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Search Results 0 to 49 of about 51 (some duplicates have been removed)
economy for 160 years. bnsf, the engine that connects us. >> and by the bill and melinda gates foundation. dedicated to the idea that all people deserve the chance to live a healthy productive life. >> and with the ongoing support of these institutions and foundations. and... >> this program was made possible by the corporation for public broadcasting. and by contributions to your pbs station from viewers like you. thank you. >> brown: demonstrations, clashes with the police, and tear gas in tahrir square-- familiar scenes in egypt nearly two years ago that led to the fall of longtime leader hosni mubark. but today, they were aimed at egypt's new leader. in the coastal city of alexandria, opponents set fire to the offices of president mohammed morsi's political party, the muslim brotherhood. there and elsewhere in egypt today, the president's critics and supporters clashed in the streets over his decree yesterday exempting himself from judicial review, and giving him authority to take steps against "threats to the revolution." morsi, egypt's first freely elected president, took office in
to the streets this weekend. >> now that we know who our president is and what he's willing to do for us, we are even more excited about getting him re-elected. >> this morning we hit 600 houses. this afternoon we probably hit about 20 or 0 houses. not everybody was home but enough people were home that we were able to spread the word. >> woodruff: we assess the polls and the state of the race on election eve with stuart rothenberg, susan page, and andrew kohut. >> ifill: lawyers gear up to monitor polling stations tomorrow. what will they find? jeffrey brown takes a look. >> woodruff: and from legalizing marijuana to gay marriage and taxes, we break down ballot measures worth watching. >> ifill: that's all ahead on tonight's newshour. major funding for the pbs newshour has been provided by: all its own. with united health care, i got help that fit my life, information on my phone, connection to doctors who get where i'm from and tools to estimate what my care may cost. so i never miss a beat. >> we're more than 78,000 people looking out for more than 70 million americans. that's health in n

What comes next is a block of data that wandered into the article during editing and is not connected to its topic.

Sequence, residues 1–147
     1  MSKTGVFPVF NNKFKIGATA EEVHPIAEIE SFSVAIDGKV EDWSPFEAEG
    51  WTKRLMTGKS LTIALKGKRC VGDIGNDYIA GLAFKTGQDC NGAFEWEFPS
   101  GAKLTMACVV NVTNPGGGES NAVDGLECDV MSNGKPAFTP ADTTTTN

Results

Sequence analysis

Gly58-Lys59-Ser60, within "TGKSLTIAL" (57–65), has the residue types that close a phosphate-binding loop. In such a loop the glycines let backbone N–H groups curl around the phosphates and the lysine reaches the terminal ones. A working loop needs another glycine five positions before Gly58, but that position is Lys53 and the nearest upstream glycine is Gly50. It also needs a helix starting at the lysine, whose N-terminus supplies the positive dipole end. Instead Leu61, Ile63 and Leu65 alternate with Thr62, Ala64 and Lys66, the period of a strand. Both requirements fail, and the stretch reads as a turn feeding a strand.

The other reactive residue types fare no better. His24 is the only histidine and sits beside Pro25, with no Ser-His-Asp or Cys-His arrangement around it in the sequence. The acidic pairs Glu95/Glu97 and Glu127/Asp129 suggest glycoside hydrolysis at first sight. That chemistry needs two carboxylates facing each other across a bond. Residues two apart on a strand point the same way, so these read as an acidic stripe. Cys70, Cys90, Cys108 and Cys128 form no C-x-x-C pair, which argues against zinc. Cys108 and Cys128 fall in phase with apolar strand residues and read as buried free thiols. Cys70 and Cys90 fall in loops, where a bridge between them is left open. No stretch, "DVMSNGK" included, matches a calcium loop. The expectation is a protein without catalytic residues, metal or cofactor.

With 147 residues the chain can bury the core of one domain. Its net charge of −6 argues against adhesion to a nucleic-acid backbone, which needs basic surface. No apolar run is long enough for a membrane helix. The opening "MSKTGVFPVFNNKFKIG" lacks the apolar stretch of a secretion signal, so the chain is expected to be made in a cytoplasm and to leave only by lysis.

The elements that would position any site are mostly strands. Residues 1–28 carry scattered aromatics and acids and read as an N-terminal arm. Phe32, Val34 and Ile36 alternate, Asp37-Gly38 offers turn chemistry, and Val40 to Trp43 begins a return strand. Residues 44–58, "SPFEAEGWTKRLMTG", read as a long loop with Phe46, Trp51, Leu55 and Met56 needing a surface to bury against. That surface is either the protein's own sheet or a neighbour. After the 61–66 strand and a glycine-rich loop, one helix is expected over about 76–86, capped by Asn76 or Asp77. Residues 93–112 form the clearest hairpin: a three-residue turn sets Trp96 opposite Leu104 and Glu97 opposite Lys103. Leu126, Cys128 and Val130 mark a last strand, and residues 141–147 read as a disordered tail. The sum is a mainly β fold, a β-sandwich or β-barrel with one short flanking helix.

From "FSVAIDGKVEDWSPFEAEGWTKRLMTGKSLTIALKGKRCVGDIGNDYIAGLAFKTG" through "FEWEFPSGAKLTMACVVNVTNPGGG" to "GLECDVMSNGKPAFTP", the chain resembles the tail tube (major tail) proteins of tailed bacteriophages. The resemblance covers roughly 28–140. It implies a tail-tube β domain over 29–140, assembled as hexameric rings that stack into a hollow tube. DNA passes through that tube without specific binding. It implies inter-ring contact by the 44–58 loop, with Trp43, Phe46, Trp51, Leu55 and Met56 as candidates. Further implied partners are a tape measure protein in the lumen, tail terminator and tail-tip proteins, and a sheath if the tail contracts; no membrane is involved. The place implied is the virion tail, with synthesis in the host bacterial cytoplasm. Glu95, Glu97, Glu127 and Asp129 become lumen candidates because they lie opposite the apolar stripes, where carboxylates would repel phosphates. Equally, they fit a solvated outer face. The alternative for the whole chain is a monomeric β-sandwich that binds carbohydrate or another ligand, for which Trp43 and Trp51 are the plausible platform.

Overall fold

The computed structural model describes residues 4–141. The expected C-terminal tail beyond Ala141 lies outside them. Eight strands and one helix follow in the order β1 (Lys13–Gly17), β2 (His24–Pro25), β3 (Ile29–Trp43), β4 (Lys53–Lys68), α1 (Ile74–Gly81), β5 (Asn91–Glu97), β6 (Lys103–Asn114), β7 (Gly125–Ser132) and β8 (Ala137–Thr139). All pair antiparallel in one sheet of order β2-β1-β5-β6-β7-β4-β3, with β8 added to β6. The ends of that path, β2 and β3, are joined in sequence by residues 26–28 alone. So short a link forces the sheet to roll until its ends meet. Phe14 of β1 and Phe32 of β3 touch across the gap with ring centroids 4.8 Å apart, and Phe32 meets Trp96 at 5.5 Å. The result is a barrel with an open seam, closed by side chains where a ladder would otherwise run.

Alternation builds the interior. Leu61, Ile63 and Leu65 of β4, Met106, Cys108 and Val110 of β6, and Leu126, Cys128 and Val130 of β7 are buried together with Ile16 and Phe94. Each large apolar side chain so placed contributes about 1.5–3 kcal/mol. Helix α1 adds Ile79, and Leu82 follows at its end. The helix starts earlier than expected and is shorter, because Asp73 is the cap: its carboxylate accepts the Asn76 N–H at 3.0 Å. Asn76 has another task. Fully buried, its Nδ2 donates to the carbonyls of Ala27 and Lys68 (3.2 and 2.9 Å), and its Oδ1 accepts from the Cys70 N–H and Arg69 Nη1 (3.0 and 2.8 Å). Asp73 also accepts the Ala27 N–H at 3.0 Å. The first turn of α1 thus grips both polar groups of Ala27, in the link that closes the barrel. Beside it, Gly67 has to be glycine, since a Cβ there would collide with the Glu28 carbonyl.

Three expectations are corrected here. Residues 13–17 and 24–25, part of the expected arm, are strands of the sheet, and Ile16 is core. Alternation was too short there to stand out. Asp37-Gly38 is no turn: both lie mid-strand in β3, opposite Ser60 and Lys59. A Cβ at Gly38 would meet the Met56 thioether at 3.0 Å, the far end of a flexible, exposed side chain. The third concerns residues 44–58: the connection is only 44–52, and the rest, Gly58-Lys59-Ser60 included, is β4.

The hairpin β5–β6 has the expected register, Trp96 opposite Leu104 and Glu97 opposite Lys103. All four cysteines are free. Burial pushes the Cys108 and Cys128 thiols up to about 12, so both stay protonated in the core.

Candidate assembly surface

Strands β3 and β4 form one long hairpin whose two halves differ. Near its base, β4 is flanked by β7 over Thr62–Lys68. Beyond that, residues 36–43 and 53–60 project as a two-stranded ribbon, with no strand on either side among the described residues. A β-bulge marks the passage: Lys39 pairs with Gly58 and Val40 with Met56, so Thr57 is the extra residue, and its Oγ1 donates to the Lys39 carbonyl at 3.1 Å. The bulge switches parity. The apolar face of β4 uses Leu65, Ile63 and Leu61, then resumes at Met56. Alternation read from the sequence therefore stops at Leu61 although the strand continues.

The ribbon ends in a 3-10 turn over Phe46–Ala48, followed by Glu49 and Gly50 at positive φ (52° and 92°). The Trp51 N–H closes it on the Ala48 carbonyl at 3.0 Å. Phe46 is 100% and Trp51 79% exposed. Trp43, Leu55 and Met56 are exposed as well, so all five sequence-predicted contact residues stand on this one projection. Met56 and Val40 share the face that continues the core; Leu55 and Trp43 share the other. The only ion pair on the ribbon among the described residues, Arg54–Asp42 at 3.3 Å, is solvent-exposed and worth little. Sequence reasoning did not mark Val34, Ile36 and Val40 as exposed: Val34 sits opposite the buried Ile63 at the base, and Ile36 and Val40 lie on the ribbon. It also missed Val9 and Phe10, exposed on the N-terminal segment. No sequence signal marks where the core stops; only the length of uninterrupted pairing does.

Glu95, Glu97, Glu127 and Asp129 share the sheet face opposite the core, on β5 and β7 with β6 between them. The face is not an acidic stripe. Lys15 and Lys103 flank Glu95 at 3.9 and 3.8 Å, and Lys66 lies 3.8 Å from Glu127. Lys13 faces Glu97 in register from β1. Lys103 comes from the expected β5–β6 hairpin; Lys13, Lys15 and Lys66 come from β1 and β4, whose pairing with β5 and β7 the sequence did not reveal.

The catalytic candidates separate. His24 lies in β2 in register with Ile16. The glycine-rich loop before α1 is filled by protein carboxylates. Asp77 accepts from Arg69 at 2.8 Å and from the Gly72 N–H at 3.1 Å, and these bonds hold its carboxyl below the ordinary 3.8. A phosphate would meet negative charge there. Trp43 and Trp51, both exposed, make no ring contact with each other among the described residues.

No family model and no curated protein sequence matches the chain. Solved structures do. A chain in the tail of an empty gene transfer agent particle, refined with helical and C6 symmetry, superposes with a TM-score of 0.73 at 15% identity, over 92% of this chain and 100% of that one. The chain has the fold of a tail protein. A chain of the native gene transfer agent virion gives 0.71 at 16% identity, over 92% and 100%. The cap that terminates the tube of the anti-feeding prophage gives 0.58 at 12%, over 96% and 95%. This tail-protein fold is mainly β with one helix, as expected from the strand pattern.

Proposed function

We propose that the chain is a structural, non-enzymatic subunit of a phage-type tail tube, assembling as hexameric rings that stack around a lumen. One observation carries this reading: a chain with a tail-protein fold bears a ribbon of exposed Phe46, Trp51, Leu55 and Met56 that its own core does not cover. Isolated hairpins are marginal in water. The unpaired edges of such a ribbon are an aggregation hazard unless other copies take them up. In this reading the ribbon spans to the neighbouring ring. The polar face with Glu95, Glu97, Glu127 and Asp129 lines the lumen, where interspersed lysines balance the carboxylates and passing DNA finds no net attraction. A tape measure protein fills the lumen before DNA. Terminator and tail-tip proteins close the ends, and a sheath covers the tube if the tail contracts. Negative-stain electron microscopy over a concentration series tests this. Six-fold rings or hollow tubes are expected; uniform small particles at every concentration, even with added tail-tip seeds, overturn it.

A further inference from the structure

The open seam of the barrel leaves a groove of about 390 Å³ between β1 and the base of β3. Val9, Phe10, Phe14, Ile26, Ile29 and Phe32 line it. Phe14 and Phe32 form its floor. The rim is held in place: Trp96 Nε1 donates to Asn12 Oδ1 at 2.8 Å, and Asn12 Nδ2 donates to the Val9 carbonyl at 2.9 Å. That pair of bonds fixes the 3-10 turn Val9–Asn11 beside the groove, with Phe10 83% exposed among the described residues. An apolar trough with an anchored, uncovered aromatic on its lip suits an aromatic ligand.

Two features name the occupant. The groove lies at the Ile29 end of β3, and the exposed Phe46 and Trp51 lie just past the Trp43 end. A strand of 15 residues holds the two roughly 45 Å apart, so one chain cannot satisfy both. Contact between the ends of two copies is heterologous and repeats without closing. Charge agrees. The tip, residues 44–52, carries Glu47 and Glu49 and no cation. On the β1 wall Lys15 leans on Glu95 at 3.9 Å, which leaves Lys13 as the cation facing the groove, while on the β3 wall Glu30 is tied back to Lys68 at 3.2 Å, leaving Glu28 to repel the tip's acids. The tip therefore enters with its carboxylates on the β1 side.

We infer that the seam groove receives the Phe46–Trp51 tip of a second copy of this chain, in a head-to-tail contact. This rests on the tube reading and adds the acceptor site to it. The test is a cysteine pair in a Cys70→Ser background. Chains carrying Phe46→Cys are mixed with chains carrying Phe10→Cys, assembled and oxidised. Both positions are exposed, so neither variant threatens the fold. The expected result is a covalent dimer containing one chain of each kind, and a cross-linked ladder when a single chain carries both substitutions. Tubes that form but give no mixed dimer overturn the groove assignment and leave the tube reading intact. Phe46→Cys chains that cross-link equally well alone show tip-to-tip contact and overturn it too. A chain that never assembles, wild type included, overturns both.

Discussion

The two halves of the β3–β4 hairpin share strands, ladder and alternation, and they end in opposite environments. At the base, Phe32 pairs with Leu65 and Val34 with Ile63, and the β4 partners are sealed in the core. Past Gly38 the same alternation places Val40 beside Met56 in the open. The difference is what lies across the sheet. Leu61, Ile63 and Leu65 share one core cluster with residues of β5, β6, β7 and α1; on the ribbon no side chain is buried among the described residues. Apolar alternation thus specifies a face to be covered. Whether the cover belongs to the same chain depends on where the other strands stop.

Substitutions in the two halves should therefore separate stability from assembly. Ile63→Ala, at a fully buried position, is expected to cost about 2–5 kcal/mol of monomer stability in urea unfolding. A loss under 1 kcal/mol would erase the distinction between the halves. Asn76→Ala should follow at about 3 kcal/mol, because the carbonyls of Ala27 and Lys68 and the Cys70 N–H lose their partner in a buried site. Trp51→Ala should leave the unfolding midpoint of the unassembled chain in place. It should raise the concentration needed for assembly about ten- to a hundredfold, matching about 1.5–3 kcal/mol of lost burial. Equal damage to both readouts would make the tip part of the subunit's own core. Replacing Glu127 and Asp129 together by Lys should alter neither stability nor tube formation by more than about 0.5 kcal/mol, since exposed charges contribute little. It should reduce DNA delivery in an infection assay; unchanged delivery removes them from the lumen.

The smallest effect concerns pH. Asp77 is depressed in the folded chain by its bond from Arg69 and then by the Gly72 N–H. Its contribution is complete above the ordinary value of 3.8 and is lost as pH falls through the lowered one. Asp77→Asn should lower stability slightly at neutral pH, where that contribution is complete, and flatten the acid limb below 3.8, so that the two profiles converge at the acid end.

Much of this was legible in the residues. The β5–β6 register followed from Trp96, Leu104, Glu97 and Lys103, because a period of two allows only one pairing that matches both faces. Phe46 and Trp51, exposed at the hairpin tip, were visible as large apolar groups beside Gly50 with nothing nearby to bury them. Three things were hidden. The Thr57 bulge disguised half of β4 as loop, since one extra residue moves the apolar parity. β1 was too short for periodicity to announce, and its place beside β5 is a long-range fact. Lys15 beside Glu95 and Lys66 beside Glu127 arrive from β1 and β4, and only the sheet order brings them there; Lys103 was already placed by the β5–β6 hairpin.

funding for the pbs newshour has been provided by: >> computing surrounds us. sometimes, it's obvious, and sometimes, it's very surprising in where you find it. soon, computing intelligence in unexpected places will change our lives in truly profound ways. technology can provide customized experiences tailored to individual consumer preferences, igniting a world of possibilities from the inside out. sponsoring tomorrow starts today. >> bnsf railway support also comes from carnegie corporation of new york, a foundation created to do what andrew carnegie called "real and permanent good." celebrating 100 years of philanthropy at carnegie.org. >> and with the ongoing support of these institutions and foundations. and friends of the newshour. >> and... this program was made possible by the corporation for public broadcasting. and by contributions to your pbs station fromiers like you. thank you. >> brown: there was no let-up today in the battle between israel and hamas, the palestinian group that rules gaza. air strikes echoed across gaza, and rockets landed near tel aviv and, for the firs